Category Archives: Financial Aid

FAFSA Applications Decline Amid Pandemic

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School closures and the uncertainty surrounding the coronavirus propelled a decrease in FAFSA applications nationally, according to an Associated Press analysis of federal data.

As of mid-June, 70,000 fewer students had filed for federal aid compared to the same time period in 2019. The decline represents a 3.7 percent drop overall.

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#NACACchat: Financial Aid in the Age of COVID-19

What should students and families know about financial aid during these unprecedented times?

Experts from The Urban Assembly, the Seldin/Harring-Smith Foundation, the National Association of Student Financial Aid Administrators, the National College Attainment Network, and the National Scholarship Providers Association shared their thoughts during a recent #NACACchat.

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#NACACchat: Financial Aid in the Age of COVID-19

How has the financial aid process changed amid the global coronavirus pandemic? And what resources can counselors and others share with students and families as they make decisions about financial fit?

Join us Thursday, April 30, for a #NACACchat Twitter discussion focused on financial aid in the age of COVID-19.

The chat will kick off at 2 p.m. ET. and will be led by @NACACWonk

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Lessons in Boosting FAFSA Completion Rates

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Louisiana became the first state in the nation in 2018 to set FAFSA completion as a high school graduation requirement.

Since then, Illinois and Texas have adopted similar policies and several other states are weighing the option.

Officials from Louisiana recently shared their state’s story during a webinar organized by the Education Commission of the States. During the hour-long presentation, education leaders explained the process Louisiana followed when adopting the new requirement and discussed how counselors can support students as they file for financial aid.

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Transgender and Undocumented Students in Illinois Can Now Access State Aid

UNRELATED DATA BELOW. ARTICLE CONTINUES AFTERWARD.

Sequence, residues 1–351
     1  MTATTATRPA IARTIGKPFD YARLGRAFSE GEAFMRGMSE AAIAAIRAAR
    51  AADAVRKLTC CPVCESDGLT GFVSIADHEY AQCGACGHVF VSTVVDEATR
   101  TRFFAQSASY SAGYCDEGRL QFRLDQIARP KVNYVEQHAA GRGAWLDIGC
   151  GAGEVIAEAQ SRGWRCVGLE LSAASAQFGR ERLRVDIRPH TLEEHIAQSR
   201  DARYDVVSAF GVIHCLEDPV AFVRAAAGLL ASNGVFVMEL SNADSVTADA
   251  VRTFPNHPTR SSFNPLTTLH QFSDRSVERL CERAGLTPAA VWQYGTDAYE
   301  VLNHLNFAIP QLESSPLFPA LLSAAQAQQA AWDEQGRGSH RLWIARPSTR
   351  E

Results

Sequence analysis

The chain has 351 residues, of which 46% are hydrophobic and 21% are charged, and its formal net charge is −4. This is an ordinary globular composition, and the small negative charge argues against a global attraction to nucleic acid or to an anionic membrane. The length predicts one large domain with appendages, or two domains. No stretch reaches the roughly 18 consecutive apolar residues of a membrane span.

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Undocumented students and some transgender students previously shut out of Illinois’ state financial aid system have been granted access.

New legislation that went into effect earlier this month allows affected students to secure money for college through the new Alternative Application for Illinois Financial Aid.

Several dozen people have already taken advantage of the option, according to the Chicago Sun-Times.

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Avoiding FAFSA Mistakes

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From not getting an FSA ID before filling out the FAFSA to forgetting to sign the form — it’s easy to make missteps when applying for federal financial aid.

But the US Department of Education wants to help students avoid the most common mistakes.

Officials published a blog post this month outlining 11 common FAFSA errors, and the article offers plenty of helpful information to guide students and families as they complete the form.

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Department of Education Releases Template for New College Financing Plan

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The US Department of Education recently released its 2020-21 College Financing Plan template, formerly known as the Financial Aid Shopping Sheet. The College Financing Plan is a standardized form used by participating institutions to notify students about their financial aid package. The department relied on input from financial aid administrators, students, parents, and other stakeholders to develop the new template.

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Track Your School’s FAFSA Completion Rate

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It’s FAFSA season!

Looking for a better way to chart submission rates for the students you serve? Check out the US Department of Education’s Free Application for Federal Student Aid Completion Tool.

The searchable database provides weekly updates for every high school where five or more students have filed a FAFSA.

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Rethinking Financial Aid for Student-Parents

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Could changing the federal financial aid structure help more student-parents earn a degree?

A recent op-ed published by the Center for American Progress argues that awarding larger Pell Grants could help more parents persist to graduation.

“These funds would not be enough to cover anywhere close to the full cost of child care—nor would they address underlying structural issues related to the lack of available spots in high-quality child care options—but they would at least recognize that parents face larger costs than nonparents, including for things that go beyond child care, such as food or clothing,” Ben Miller, vice president for postsecondary education at American Progress, notes in his column.

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